On September 29, 2017, as part of Estonia’s presidency of the Council of the EU, the Estonian Foreign Ministry published an online EU sanctions map. The map seeks to present information on EU sanctions in a consolidated, user-friendly, and up-to-date way.


  • clicking on a shaded country on an interactive map;
  • selecting one or multiple sanctions regimes from a list;
  • searching for key terms; or
  • filtering by adopting authority, theme, country or measure type,

the user will be directed to an overview of the relevant sanctions regime, indicating pictorially the type of sanctions imposed by the EU (financial sanctions, arms export controls or restrictions on services, for example).

By drilling down progressively further, the user may access:

  • the expiry date of the sanctions;
  • a short description of the sanctions imposed in each category of sanctions;
  • links to lists of the specific goods and/or persons covered by the sanctions, together with related details;
  • links to the legal instruments underpinning the sanctions; and
  • links to any official guidance on the application of the sanctions.

The sanctions map appears to be a powerful analytical tool. It draws together information that had previously been spread across hundreds of legal texts, purports to be up-to-date, and covers both sanctions that are agreed by the EU member states and adopted by the Council of the EU as well as sanctions imposed by the United Nations Security Council and implemented by the Council of the EU. For additional convenience, it is possible to view multiple sanctions regimes on a single page, and to export information from the map into a PDF document.

However, the sanctions map does have certain limitations:

  • The sanctions map is not a complete picture: for the sake of brevity, information on exemptions, exceptions and derogations to sanctions are not included.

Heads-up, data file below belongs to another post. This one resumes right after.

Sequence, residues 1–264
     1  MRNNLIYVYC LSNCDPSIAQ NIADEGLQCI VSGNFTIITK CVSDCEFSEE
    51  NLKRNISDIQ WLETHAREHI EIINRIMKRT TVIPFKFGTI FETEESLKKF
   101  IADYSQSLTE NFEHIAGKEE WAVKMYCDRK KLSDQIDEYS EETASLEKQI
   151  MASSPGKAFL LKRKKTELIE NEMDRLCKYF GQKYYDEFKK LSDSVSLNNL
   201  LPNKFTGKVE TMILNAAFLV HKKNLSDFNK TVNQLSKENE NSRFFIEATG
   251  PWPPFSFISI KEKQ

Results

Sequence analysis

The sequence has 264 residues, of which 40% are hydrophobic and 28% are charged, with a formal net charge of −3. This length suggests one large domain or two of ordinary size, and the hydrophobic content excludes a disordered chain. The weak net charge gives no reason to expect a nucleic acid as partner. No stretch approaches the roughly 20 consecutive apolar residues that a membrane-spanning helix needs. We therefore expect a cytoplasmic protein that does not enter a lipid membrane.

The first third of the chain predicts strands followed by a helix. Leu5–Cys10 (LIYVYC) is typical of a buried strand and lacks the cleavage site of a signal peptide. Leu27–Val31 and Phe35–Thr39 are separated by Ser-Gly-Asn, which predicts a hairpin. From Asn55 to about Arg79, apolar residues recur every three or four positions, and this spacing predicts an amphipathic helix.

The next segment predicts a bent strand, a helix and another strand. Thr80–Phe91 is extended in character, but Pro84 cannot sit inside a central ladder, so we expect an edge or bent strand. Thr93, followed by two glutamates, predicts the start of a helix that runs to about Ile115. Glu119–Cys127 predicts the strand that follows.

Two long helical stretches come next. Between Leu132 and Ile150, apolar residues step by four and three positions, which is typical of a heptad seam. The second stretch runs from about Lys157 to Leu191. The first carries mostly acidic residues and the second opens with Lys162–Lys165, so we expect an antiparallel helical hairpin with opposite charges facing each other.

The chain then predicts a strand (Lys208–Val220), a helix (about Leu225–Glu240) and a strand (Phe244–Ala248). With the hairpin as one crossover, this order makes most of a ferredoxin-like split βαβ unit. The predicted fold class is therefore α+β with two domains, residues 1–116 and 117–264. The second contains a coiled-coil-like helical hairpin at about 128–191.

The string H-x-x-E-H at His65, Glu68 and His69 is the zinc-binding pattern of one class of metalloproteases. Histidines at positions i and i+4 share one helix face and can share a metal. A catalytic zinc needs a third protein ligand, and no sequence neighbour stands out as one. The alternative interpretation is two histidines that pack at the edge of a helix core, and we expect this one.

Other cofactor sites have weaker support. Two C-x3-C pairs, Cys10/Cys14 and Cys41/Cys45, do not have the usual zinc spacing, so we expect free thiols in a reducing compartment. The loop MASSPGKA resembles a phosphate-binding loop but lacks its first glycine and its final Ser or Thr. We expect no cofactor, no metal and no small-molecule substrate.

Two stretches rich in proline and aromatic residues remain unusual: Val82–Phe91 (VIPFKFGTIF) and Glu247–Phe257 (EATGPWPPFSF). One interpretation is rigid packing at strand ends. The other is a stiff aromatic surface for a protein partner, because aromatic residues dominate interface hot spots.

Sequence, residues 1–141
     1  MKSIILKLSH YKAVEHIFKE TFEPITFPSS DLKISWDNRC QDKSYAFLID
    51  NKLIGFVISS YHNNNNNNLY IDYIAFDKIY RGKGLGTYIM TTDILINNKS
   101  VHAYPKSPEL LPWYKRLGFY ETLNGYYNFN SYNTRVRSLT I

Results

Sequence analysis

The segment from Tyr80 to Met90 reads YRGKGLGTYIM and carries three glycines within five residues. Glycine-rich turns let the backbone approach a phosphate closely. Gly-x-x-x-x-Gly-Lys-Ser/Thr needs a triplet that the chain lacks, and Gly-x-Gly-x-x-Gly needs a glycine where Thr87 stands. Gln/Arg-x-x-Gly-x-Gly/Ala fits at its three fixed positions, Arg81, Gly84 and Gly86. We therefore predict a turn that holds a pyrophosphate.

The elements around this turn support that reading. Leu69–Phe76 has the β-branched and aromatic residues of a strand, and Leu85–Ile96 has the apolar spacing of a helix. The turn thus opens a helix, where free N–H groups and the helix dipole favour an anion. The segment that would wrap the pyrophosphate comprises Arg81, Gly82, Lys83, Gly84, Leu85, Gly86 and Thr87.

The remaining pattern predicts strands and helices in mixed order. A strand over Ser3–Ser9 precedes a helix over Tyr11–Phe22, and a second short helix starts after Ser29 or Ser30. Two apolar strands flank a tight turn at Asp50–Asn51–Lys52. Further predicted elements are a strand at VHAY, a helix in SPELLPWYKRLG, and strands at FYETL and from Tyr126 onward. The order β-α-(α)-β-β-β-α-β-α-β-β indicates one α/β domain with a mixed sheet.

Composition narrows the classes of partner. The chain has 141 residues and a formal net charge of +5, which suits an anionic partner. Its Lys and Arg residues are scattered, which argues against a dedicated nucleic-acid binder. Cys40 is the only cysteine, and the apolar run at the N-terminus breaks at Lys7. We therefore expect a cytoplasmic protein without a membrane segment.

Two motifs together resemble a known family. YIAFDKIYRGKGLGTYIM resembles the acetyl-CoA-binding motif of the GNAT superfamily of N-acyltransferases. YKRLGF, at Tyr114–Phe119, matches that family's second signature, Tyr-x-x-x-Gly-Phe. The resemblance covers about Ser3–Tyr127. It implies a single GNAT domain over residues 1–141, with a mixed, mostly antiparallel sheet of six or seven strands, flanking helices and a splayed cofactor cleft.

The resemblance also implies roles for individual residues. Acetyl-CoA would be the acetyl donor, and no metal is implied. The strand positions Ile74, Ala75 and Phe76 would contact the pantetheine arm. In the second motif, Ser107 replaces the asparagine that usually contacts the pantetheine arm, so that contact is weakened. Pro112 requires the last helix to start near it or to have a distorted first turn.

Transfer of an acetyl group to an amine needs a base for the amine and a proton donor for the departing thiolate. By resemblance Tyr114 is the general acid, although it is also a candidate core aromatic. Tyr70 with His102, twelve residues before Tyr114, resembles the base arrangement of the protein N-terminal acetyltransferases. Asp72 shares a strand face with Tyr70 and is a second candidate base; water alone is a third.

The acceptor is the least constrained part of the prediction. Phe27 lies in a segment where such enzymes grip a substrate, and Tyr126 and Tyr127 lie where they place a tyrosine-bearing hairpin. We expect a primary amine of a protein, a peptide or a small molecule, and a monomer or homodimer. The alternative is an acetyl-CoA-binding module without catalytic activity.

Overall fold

• No information is provided on interpretation or use of defined terms. Accordingly, it will still be necessary to refer to the underpinning legislative texts to understand the application of a given sanctions regime.
  • Implementation and enforcement of sanctions are determined at the member-state level, and some member states maintain autonomous sanctions regimes, meaning it will still be necessary to locate and analyze local legal texts and guidance. The sanctions map does provide a consolidated list of competent authorities in each member state to aid further research.
  • No information is provided on judicial rulings regarding EU sanctions regimes;
  • It remains to be seen how quickly and diligently the sanctions map is updated, particularly after the end of the Estonian presidency of the Council of the EU.
  • The sanctions map is provided strictly on a no-reliance basis, meaning neither the EU nor the Estonian Foreign Ministry accepts any responsibility for its content.

The Estonian Foreign Ministry’s press release regarding the sanctions map, including a video overview, can be found here.

Please do not hesitate to contact Matthew Fisher or any of your usual contacts at the Firm, should you have any questions.